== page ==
Think: Our Name(s)
on the fluid nature of who we are
There are a couple of stories about the surname of William Faulkner, the storied author of American Literature. One is that when he joined a Canadian reservist unit during World War II, he added a “u” to his birth name of “Falkner.” Maybe he thought it would look better on a gravestone? Maybe, since he wasn’t qualified to join the U.S. Army due to his height, he thought adding the “u” would add British cache to his application? It didn’t matter, in any event, as Faulkner was back home in Mississippi before he could see any action.
The second story credits the addition of the “u” to a misprint on the title page of his first book, and the famous author’s apocryphal response was reported as “Either way suits me.”
I’m not sure what to make of this addition and subtraction. I know people who add “u” to words like “color” or “glamor” and “favorite” even though they’re not British. I do know there’s something to the notion that “either way” can suit a person. That bit reveals something worth arguing about: of all the labels that have been given to us, which one are we? Can we be all of them?
In November of 2008, when our kid was in kindergarten, we adopted our first puppy. Born in a rescue during the Summer Olympic Games in Beijing, our first puppy and his littermates were all named after American gold medalists. We had intended on a pup with black coloring but by the time we arrived at the adoption event, someone else had adopted him.
“Here’s Phelps, though,” said one of the rescue workers, heaving a soft brown puppy into Adrian’s arms.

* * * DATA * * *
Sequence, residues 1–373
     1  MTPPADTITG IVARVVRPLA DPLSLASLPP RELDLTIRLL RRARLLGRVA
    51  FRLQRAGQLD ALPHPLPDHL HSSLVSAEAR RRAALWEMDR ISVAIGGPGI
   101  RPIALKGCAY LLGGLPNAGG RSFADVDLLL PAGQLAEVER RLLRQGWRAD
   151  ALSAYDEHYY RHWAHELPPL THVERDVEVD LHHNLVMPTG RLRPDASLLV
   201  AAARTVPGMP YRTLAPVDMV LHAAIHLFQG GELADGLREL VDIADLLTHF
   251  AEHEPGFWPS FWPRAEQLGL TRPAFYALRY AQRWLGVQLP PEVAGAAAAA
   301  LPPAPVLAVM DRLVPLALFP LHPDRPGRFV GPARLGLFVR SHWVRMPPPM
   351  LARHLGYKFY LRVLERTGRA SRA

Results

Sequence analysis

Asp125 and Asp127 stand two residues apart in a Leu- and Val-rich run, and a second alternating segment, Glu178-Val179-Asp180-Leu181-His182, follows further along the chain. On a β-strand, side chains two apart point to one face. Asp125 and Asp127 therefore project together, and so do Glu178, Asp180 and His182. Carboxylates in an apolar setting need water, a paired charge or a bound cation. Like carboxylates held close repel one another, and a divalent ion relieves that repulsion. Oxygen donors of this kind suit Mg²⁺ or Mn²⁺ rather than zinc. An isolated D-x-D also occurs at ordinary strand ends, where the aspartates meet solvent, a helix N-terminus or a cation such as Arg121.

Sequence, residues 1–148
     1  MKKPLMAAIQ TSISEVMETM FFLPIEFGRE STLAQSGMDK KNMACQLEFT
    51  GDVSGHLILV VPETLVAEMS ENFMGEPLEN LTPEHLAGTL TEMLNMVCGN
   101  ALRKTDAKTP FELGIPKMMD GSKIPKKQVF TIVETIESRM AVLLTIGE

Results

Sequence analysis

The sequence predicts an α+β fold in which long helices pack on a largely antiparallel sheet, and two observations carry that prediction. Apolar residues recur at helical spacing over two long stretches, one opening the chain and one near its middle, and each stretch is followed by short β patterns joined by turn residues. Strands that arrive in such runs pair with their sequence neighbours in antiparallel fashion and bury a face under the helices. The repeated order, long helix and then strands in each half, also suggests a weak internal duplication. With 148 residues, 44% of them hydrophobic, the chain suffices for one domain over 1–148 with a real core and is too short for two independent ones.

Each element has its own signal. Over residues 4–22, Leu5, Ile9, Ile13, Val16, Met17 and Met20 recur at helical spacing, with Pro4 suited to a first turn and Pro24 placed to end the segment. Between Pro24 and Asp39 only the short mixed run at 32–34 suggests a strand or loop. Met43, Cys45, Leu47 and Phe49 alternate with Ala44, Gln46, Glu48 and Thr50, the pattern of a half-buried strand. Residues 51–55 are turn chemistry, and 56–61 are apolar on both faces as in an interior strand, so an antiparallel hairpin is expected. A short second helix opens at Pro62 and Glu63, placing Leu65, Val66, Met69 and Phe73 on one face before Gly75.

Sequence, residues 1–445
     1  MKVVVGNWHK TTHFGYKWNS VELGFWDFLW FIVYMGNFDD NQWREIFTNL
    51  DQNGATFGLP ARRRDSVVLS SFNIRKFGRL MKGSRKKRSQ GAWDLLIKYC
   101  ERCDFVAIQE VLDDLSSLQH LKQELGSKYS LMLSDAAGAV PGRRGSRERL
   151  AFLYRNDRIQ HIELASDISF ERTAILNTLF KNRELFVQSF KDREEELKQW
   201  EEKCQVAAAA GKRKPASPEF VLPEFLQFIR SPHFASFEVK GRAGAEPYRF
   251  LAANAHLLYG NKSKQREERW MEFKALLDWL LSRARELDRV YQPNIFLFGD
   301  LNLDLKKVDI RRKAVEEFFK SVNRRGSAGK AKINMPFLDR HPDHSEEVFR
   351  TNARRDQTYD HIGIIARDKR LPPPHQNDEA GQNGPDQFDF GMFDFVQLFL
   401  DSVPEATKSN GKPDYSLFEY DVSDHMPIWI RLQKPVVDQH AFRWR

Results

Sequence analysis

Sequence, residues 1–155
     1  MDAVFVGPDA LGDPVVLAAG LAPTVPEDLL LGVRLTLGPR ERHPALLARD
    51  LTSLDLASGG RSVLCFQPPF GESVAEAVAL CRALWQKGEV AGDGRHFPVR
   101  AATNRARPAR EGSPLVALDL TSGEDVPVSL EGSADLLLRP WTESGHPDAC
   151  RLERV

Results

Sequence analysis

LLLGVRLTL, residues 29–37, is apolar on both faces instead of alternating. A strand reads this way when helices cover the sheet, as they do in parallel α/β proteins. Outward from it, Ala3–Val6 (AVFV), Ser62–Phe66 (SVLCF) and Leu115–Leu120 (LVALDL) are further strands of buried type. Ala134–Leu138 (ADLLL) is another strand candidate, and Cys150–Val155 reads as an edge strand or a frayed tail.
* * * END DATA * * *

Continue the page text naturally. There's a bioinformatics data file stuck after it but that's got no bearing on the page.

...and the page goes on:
“Oh,” said Adrian, holding the pup so that my kid and I could see him better. “Oh. Well. Well, okay, then.”
We adopted “Phelps” immediately, of course.
Though we loved watching his namesake dominate in the pool and respected the one-syllable ease of “Phelps,” that name wasn’t quite right. The entire drive home, all three of us spun out options:
Diesel. Fred. Hammy. Cupcake. Turbo. Pablo.
“Stop. Yes. There it is,” I said. “Pablo.”
Pablo was our kid’s idea, after a character on a cartoon called The Backyardigans. I barely remembered the show—all kid’s shows are a kind of blur during those years of erratic sleep—but I knew it suited our new pet.
As our puppy grew up, he amassed more names. Pabby. Pab-Low. Pab-Slow. Pabbenheimer. Pablerino. PAW-blo. Mr. Brown. Mr. Brownstone. Old Man. Old Man River. Harry Brownback. Charlie Winterbeard. Barney Muddypaws.
Maybe we are a family that loves nicknames.
Or maybe, more precisely: we show love through nicknames.
Recently, our kid told us that they didn’t want to use feminine pronouns anymore. That they preferred to be called “they” and to be addressed as “Till” or “Tilly” instead of “Matilda.”
While this is a straightforward instruction, it’s not as easy as it appears.
To give some context: As a teacher on the first day of a term, I would go through the roster of names to take attendance. I would always mention that students should let me know if they preferred another name than what was officially listed. Occasionally, a student would qualify the name I’d just pronounced, explaining something like “Call me Rob, not Robert,” etc. That is easy to do if you’ve just met someone; the ink hasn’t dried yet to make the memory.